Climatune: correlating weather and Spotify playlists

I don’t remember how I stumbled upon it, but I recently discovered Climatune, a joint effort between Spotify and Accuweather that presents a playlist to match the current weather. According to Accuweather’s blog post on the topic, the playlists were developed based on an analysis of 85 million streams across 900 cities. This is an incredibly interesting project, even if the Lafayette playlists don’t seem to vary much.

What I like about projects such as Climatune is the reminder that we are still animals affected by our surroundings. When I worked at McDonald’s, we noticed anecdotally that sales of the Filet-o-Fish apparently increased on rainy days. I regret that I never ran daily sales reports to test this observation. I suppose in either case, there was an effect. Either customers ordered more, or we were more aware of the sales.

Correlating weather with other data is hardly a new concept. The most common example is probably comparing Chicago crime reports to the temperature. But researchers have investigated mood-weather correlation from Twitter posts. Several studies have examined the effects of weather on the stock market.

These sorts of studies can be hard, since it’s hard to control for all of the possible factors. But even if we can’t draw statistically sound conclusions, it’s fun to look at the connections. And if weather isn’t your thing, Spotify also has a site that makes a custom playlist that fits the cook time of your Thanksgiving turkey.

A quick look at the Weather Research and Forecasting Innovation Act

When I first heard that Congress had passed a bill it called the “Weather Research and Forecasting Innovation Act“, I was a little concerned. The majority has a history of being hostile to science (and one former senator was hostile to the National Weather Service in particular), and the title of the bill just screams “legislative doublespeak”. But I’ve read skimmed the bill and there doesn’t seem to be much to object to.

Much of the bill is of a “duh, we’re already working on that” nature; it requires the National Weather Service to conduct research to improve forecasts and warnings. One think I liked is that it specifically called out communication of forecasts and warnings as an area of improvement. It requires the current system to be examined, with necessary changes made where the current system is unsatisfactory. The current watch/warning/advisory system leaves a lot to be desired.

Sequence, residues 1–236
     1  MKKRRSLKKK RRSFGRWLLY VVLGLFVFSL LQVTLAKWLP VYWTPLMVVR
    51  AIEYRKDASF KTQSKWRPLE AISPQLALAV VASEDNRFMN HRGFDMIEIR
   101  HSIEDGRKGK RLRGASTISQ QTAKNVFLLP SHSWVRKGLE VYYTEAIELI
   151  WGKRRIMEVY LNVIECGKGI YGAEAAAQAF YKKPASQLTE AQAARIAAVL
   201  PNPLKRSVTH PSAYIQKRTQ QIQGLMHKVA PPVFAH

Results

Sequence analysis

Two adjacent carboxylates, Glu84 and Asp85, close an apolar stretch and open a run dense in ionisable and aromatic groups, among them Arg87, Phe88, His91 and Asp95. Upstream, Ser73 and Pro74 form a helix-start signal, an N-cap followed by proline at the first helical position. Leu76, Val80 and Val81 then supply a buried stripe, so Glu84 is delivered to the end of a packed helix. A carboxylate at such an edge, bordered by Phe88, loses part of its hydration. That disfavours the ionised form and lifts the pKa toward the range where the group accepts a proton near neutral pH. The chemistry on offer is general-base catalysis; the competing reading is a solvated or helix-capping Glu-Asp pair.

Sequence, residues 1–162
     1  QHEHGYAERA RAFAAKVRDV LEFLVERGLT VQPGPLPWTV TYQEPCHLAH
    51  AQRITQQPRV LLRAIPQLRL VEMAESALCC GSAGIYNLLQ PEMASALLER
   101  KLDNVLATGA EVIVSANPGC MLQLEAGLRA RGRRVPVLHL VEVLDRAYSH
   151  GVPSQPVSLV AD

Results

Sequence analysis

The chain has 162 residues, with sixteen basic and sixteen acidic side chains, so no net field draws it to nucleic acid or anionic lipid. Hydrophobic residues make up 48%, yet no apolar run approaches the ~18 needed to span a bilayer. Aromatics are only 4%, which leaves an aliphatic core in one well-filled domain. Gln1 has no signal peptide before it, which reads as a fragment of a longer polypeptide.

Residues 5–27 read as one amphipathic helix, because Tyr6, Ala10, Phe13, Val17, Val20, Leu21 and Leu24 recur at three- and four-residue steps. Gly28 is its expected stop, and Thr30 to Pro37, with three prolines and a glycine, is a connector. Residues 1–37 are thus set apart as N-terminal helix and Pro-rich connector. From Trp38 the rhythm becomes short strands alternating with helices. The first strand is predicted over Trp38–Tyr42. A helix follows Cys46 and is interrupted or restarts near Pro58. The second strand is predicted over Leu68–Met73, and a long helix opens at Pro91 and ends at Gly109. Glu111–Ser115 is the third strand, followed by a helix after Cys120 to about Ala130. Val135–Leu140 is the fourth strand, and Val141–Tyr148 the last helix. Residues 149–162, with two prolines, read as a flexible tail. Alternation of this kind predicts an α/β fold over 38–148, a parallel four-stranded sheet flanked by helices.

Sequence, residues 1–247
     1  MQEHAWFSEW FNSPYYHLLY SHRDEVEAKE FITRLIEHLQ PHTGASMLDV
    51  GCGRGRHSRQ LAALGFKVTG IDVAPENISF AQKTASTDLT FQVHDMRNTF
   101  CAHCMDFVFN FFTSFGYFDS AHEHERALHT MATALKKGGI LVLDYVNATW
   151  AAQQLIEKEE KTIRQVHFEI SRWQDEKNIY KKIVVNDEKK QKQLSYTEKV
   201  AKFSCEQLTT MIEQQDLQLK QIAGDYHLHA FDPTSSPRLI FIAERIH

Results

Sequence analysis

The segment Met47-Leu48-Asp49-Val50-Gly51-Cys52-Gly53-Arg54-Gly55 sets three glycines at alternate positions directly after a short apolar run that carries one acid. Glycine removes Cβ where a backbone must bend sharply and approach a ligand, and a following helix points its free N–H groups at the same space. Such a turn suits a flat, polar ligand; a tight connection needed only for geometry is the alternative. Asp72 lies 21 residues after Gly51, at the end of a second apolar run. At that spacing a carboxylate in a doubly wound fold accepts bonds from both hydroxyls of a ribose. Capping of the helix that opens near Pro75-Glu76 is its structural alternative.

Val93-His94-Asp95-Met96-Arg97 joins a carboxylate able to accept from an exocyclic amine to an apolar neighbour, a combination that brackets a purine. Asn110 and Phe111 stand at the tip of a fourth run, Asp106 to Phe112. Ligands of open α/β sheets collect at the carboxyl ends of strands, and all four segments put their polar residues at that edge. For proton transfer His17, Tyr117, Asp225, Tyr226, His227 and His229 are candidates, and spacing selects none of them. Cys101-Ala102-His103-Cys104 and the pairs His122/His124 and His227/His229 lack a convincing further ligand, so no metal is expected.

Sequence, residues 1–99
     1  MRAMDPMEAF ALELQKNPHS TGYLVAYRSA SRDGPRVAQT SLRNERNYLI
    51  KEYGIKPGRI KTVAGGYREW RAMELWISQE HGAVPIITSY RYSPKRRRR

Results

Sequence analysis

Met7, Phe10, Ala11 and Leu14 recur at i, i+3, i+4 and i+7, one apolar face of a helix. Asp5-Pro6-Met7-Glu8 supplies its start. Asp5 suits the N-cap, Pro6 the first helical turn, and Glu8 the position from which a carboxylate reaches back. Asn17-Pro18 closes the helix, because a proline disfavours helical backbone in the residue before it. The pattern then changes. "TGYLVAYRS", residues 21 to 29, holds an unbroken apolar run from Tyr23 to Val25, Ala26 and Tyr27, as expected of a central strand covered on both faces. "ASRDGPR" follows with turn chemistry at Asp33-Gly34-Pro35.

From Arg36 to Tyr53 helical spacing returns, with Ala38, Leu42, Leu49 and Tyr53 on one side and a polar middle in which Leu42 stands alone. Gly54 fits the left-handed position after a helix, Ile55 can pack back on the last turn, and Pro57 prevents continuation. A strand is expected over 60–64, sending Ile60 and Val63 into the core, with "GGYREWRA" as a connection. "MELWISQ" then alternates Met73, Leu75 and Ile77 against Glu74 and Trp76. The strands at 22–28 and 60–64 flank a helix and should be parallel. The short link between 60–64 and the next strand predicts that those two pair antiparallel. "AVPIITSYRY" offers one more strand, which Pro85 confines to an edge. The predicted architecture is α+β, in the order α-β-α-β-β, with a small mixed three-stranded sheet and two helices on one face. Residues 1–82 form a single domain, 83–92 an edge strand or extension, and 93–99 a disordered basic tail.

This bill is probably most notable for what it doesn’t say. On the positive side, it does not proscribe specific metrics (e.g. “the average lead time for a tornado warning must be 60 minutes”). It seems clear that meteorological experts were consulted for this bill. 

On the other hand, the only time “climate” is mentioned is when the full name of the COSMIC satellite program is given. There’s nothing in the bill that specifically precludes the NWS from conducting research related to climate change, but I couldn’t help reading into  the stated focus or short-term and seasonal weather. Legislation isn’t written in a vacuum, and the plain fact is that the current administration and Congress aren’t big supporters of climate change research or mitigation.

The main area of concern for me is the budget. A few programs have specific dollar amounts assigned, but it’s not clear to me if those are new appropriations or a directive to use the existing budget to that purpose. Certainly the main budget will have an impact on how this bill, should it be signed, is implemented. Given the initial reports about the Trump administration’s first budget, I remain solidly pessimistic. But returning to the provisions of this specific bill, it requires a lot of reporting, much of which appears to be new. The reporting, and even the substantive efforts, could end up being an unfunded mandate.

I can’t predict what the outcome of this bill will be. It got bipartisan support and I haven’t heard of any major complaints from my friends within the Weather Service. That in itself is encouraging; it should at least do no harm. If backed with sufficient funding, this may lead to improved forecasts for a variety of weather hazards. This, of course, is the stated mission of the National Weather Service: to protect life and property.

The most dangerous part of storm chasing is the road

People who have never gone storm chasing don’t always believe me when I say it’s a very boring hobby. Hours of driving can lead to…steady rain. Or blue skies. Or any number of outcomes that were probably not worth the time and money invested. They see movies or “reality” TV shows and assume it’s constantly a dangerous, edge-of-your-seat thrill ride.